Saturday, April 9, 2011

LOVELESS: The Story Behind the Book

“When are you going to write something nice, Ray? Something I can read? When you are you going to write a love story?”

This has been the mantra of my family for decades. None of them reads horror fiction. Of course, that may have something to do with the fact that none of them reads. To hear them tell it, the main reason they don’t read is that I have not yet written something nice that they can read. Something like a love story!

The fact is, I’ve written many love stories. Nearly every one of my novels contains a love story – even my horror novels, although Loveless: A Dark Love Story isn’t one of those. Of course, they’re not the kind of love stories my family would consider nice. The kind of love story they’re talking about is the kind of thing Nicholas Sparks writes. And if they’re waiting for me to write one of those ... well, all I’ve got to say is, pack a few sandwiches and get really, really comfortable, because it’s going to be a long wait.

My novel Loveless: A Dark Love Story is the kind of love story I write. I can’t help it. It’s out of my hands. Everything I write, even if it’s meant to be funny, takes a dark turn or two or three at one point or another. If it didn’t, it would feel dishonest to me. I think fiction should be a reflection of reality, not a distortion of it. In my horror fiction, things happen that have nothing to do with reality – people turn into werewolves, vaginas have fangs, spiders the size of Volkswagen Beetles eat people. But all of these things happen in an environment that is firmly grounded in reality.

Lots of good things happen in life. Wonderful things. They happen to all of us at one time or another. But bad things happen, too. They happen to good people for no other reason than ... well, for no reason. They just do. There’s a quote I love from Lawrence Kasdan’s sadly underrated 1991 film Grand Canyon. It’s delivered by Danny Glover:

“World’s a hard place. Sometimes you just get lucky. And, of course, sometimes you don’t. One thing’s for sure is that if you’re alive, some terrible shit’s gonna happen to you, and maybe some good things, too. But you can always count on the terrible. If it doesn’t kill you, you’re gonna be around to see it come down some other way.”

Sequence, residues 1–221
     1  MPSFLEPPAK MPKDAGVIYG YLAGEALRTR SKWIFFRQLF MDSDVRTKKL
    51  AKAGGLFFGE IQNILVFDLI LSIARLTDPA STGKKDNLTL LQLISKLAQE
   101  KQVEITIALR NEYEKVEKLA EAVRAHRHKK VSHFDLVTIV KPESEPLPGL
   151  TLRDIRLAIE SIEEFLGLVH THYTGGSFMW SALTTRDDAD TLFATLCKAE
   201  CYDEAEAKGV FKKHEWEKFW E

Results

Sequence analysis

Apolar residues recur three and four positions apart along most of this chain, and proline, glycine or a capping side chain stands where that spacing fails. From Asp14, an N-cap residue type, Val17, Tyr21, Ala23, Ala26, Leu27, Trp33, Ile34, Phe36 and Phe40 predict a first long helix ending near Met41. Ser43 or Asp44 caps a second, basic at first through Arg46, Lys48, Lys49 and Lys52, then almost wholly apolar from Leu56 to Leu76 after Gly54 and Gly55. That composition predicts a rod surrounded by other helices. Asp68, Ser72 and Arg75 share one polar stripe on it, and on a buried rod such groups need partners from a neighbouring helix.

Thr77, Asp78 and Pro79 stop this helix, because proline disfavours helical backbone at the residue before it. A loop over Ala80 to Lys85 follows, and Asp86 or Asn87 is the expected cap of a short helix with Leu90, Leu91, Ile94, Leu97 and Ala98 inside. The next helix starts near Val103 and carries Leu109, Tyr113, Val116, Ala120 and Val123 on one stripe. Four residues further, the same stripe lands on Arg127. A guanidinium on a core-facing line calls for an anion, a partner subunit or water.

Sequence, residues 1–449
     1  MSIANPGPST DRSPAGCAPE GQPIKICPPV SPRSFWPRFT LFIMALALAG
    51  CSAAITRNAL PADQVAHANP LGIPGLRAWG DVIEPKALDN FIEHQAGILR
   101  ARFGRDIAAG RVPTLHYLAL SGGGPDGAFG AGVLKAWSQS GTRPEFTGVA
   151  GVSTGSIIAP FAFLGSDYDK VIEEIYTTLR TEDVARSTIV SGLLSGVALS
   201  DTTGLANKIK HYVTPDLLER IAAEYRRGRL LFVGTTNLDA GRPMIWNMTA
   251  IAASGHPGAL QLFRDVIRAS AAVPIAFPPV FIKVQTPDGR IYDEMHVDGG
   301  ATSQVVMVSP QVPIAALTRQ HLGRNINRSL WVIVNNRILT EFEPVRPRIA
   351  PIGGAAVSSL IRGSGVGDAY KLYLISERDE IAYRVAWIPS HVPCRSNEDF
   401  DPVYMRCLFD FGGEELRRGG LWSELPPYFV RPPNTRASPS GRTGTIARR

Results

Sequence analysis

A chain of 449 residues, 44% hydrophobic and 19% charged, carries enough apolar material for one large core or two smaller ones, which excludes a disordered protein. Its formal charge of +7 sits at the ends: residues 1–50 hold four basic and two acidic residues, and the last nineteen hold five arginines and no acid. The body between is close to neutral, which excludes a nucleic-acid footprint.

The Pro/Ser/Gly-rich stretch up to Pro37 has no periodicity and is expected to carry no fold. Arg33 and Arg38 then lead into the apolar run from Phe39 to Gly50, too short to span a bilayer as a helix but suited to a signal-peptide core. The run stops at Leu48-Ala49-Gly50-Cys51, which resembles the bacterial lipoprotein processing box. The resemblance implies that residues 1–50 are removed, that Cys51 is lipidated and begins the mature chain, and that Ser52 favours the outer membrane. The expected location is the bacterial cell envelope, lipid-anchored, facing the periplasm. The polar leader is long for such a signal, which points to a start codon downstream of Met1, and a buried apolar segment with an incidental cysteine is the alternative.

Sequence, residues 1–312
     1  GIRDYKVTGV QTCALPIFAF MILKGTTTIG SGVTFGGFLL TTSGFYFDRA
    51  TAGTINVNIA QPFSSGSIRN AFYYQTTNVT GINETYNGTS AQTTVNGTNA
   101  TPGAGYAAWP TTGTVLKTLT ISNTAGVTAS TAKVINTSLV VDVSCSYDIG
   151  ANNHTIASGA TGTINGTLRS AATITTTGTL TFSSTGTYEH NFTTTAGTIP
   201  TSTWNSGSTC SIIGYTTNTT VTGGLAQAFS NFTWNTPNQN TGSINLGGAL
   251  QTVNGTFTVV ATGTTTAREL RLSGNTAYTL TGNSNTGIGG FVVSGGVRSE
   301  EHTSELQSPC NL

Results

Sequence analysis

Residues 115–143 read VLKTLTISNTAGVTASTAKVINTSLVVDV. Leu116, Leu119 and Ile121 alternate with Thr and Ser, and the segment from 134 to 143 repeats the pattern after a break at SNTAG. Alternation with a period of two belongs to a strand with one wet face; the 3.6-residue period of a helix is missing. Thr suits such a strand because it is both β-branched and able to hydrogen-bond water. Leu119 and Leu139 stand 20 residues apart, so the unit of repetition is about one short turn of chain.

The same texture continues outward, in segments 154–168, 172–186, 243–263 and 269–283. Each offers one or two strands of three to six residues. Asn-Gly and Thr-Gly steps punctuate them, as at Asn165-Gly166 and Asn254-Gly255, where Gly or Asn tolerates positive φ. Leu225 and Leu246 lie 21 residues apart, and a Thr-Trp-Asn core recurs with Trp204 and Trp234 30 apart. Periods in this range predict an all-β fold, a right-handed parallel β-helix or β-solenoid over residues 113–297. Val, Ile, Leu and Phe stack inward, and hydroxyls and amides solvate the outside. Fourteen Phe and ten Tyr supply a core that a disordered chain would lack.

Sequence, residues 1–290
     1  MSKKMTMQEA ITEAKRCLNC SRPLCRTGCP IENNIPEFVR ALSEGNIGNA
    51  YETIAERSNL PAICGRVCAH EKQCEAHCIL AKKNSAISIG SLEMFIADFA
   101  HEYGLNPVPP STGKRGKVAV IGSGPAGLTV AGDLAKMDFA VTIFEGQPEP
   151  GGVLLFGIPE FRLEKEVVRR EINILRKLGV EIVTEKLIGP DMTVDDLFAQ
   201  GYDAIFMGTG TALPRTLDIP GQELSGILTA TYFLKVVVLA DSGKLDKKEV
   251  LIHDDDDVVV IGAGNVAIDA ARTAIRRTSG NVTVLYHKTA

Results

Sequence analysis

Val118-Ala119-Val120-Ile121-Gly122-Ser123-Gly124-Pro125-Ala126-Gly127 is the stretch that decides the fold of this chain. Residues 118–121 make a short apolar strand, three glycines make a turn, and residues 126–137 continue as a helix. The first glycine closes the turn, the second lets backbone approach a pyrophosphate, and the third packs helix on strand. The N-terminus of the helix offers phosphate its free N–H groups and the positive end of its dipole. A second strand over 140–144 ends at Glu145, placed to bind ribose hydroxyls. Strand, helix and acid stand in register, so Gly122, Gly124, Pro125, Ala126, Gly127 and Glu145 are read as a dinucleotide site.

Some will say that’s an awfully pessimistic attitude. I think there’s a good chance those people enjoy the work of Nicholas Sparks. I think it’s an awfully realistic attitude. And a healthy one. I guess that’s reflected in my fiction. Bad things happen to good people for no reason. What’s wrong with facing up to that fact early on so you’re not surprised by it later? What’s important is how we deal with those bad things. Dealing with them is a lot easier when you have someone you love – and someone who loves you – by your side. And for me, that’s where the love stories come in.

Loveless is a love story about two lonely people. One of them is Amy Grady. For 16 years, she’s been married to her husband Roy, a man whose unpredictable anger and violence can explode at any moment, a man who slaps, punches and kicks her, and a man she no longer loves. Their teenage son Danny has been living with this tension all his life and it has taken a toll. The other lonely person is Walter Loveless, who has just moved in next door to Amy. He has been living a life of secrecy and isolation for so long that he is almost unaware of his loneliness anymore because it has become such a part of him.

Amy watches him – handsome, rugged – but is too shy to speak to him. But when they are finally brought together, electricity crackles between them and the attraction is instantaneous and powerful. But Loveless has secrets and a past that haunts him. Someone from that past – someone deadly – is still pursuing him. When Amy decides to escape her own past, she runs headlong into his.

Loveless: A Dark Love Story was first published in 2008 with my novel Murder Was My Alibi in a single limited edition from Lonely Roads Books that has become known as the Arthur Darknell Double because it was published under a pseudonym I intended to use for crime fiction, an idea I have since abandoned. Now it is available from Open Road Media in paperback and as an ebook for Kindle and Nook, and as an audiobook from Audible.  For more information about my work and to keep up with new releases, visit my website at RayGartonOnline.


  1. I'm reminded of Christopher Hitchens' remarks about when he was told he has esophageal cancer. He wrote that many people, in such a situation, would cry out to God and ask, "Why ME?!" He said his question is more like, "Why NOT me?" So many seem to have the attitude that bad things happening in their lives are due to the attack of either dark forces (or perhaps a good force testing them...doesn't sound like all that good of a force to me!).

    I like your version of a love story better. A little more realistic.

  2. Thanks, Beth! I just discovered your blog! ~(:-D

  3. I have far more empathy for fiction characters that are flawed and yet deeply humane than I do for the Barbies and Kens that constantly get mass manufactured as our American cultural icons.

  4. I like reading your blogs and other post precisely because of your honesty. Thanks for this. Ha my mom'll probably say the same thing if I'm ever published, she also doesn't read anything.

  5. As much as you cannot help writing dark fiction, I am incapable of reading much of anything else in terms of fiction. The "nice" stuff, the family stuff, the "real" stuff bores me to tears, and always has. That's not reality to me, and that's why we need writers like you.

  6. Ray, can't wait to read this. I'm a big fan of your writing! Hope you're well!